In the nearly two decades since the Toyota Prius debuted in Japan, alternative engine cars — hybrids to plug-in electrics — still haven't made much of a difference.
In response to the success of the Toyota Prius family of five models, most manufacturers now offer some form of alternative fuel vehicle. There's even a Cadillac Escalade hybrid. It's automotive oxymoron.
But add up all of the hybrid and electric vehicle sales and it's less than three percent of the market share. While the public at-large appreciates better gas mileage, familiarity and comfort still mean a lot for new and used car buyers. And price still rules.
Hybrid versions of popular cars like the Honda Accord and Toyota Camry cost more than their gasoline engine siblings. And despite its status as the most popular hybrid, the Toyota Prius likely would be selling in greater volume if it were better looking.
Now, finally, a car has come along, and soon will be available, that could change the automobile industry.
It's the recently announced Tesla Model 3. If all goes according to plans, it will be available in about two years. And it will cost about one-third of the price of some current Tesla models.
The Tesla, the brainchild of entrepreneur Elon Musk, has already changed the car industry in some ways. The Tesla has been tested as the safety car in history. It's extraordinarily fast. It's stylish. And, depending upon the model, it can achieve about 250 miles per charge. It's a technology supernova.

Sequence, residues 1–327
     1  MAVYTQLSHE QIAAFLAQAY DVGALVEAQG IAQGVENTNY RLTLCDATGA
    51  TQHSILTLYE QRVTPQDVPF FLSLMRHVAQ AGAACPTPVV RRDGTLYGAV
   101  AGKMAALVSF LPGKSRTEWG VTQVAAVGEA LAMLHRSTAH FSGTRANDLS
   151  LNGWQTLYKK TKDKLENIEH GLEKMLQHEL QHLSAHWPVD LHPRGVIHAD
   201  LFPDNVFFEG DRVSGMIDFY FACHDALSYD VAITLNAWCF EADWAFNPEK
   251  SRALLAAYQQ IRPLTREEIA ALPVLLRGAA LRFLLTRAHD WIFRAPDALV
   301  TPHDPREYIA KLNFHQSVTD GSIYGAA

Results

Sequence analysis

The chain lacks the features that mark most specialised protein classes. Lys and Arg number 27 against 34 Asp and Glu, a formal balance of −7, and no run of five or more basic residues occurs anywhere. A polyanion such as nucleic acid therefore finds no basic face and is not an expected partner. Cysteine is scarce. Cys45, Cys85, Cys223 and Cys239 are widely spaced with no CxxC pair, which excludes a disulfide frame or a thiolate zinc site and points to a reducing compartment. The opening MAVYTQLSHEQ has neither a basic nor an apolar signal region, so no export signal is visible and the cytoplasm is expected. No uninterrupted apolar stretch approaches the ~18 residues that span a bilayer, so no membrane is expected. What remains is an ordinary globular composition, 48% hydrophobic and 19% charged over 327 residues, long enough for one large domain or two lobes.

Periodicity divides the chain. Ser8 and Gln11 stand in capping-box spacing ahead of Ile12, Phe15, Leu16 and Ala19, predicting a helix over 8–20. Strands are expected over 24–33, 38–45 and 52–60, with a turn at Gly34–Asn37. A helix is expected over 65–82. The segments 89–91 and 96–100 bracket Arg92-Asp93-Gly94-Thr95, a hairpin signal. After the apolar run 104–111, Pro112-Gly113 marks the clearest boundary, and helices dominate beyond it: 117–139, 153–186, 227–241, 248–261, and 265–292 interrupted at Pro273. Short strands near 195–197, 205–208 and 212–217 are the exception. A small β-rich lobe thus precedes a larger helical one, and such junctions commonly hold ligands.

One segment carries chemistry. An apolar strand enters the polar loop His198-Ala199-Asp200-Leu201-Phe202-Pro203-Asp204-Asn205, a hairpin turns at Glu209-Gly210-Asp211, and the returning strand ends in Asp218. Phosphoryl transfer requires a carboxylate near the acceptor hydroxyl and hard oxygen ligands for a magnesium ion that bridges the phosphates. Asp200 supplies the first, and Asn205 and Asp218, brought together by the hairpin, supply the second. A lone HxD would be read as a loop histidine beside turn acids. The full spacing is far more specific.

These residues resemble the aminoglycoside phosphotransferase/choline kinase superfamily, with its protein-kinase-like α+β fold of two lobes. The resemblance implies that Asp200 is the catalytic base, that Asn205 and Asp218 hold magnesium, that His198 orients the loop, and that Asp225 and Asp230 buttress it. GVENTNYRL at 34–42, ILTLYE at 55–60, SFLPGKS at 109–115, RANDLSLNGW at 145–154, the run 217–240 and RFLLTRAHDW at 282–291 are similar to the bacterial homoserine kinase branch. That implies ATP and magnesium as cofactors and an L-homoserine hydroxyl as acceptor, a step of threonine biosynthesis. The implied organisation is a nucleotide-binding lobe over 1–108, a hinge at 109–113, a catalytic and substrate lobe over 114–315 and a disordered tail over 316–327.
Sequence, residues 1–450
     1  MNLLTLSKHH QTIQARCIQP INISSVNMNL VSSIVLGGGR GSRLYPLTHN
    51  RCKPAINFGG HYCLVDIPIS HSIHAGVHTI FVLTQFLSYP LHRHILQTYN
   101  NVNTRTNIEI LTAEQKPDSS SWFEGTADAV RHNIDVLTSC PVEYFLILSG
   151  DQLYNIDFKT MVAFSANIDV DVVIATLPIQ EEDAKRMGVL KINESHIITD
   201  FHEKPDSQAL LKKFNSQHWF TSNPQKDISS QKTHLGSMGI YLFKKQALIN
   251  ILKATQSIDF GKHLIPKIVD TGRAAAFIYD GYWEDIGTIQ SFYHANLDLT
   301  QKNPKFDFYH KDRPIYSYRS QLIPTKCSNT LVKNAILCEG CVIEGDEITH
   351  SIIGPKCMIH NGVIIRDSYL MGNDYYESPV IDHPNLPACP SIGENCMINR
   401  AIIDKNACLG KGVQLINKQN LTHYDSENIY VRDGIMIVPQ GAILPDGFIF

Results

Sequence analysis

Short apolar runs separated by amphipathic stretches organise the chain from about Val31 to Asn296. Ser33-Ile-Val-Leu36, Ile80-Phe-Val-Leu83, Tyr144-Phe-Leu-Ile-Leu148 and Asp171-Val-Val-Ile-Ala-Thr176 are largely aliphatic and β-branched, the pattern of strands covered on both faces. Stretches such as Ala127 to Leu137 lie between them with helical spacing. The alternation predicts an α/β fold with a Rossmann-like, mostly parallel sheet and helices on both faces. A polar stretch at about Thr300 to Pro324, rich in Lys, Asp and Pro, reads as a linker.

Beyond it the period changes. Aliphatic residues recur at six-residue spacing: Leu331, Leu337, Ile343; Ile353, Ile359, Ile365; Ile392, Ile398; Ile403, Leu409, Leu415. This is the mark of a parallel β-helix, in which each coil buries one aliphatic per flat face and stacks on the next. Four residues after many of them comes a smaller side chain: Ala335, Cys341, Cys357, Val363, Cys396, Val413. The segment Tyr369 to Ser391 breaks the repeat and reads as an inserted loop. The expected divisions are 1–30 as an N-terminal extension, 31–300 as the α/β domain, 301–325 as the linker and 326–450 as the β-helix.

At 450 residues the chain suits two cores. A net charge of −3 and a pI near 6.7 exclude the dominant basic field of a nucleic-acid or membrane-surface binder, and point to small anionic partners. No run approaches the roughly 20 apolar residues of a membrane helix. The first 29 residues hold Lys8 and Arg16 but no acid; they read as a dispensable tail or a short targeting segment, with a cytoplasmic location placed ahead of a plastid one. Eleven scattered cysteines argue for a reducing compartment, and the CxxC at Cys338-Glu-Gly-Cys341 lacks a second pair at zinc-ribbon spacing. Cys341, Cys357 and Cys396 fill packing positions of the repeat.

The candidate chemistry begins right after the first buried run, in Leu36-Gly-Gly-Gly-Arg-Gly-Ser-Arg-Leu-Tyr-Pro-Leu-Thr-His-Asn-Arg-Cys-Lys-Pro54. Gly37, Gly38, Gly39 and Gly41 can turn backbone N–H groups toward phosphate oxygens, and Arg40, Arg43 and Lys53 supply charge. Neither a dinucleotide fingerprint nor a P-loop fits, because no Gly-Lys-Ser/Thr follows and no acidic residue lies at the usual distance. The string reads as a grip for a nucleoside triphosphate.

But there's one problem: It's an elitists’ car. With a cost that can exceed $100,000, how could current Tesla models make an environmental difference if so few consumers can afford buy it?
The answer is the Model 3. It's projected price will be $35,000. The concept version has been touted as debuting at the end of March. There will be a $1,000 deposit to reserve a Model 3, and it may publicly become available in 2018.
The new Tesla will cost about $5,000 more than the current average price of a new car in the United States. And therein lies the difference between current hybrids and the pending Tesla. Many hybrids still require a buyer to compromise. On paper, the new Tesla won't require compromise.
It won't be as plush, as powerful or as loaded with equipment as the two current Tesla models. But it will offer the same engineering, the same sexiness. It will be fast, safe, environmentally impressive and it will affordable to the middle class.
It could change the auto industry as much as any other vehicle — the Ford Model T to the Volkswagen Bug to the Ford F150 pick-up truck.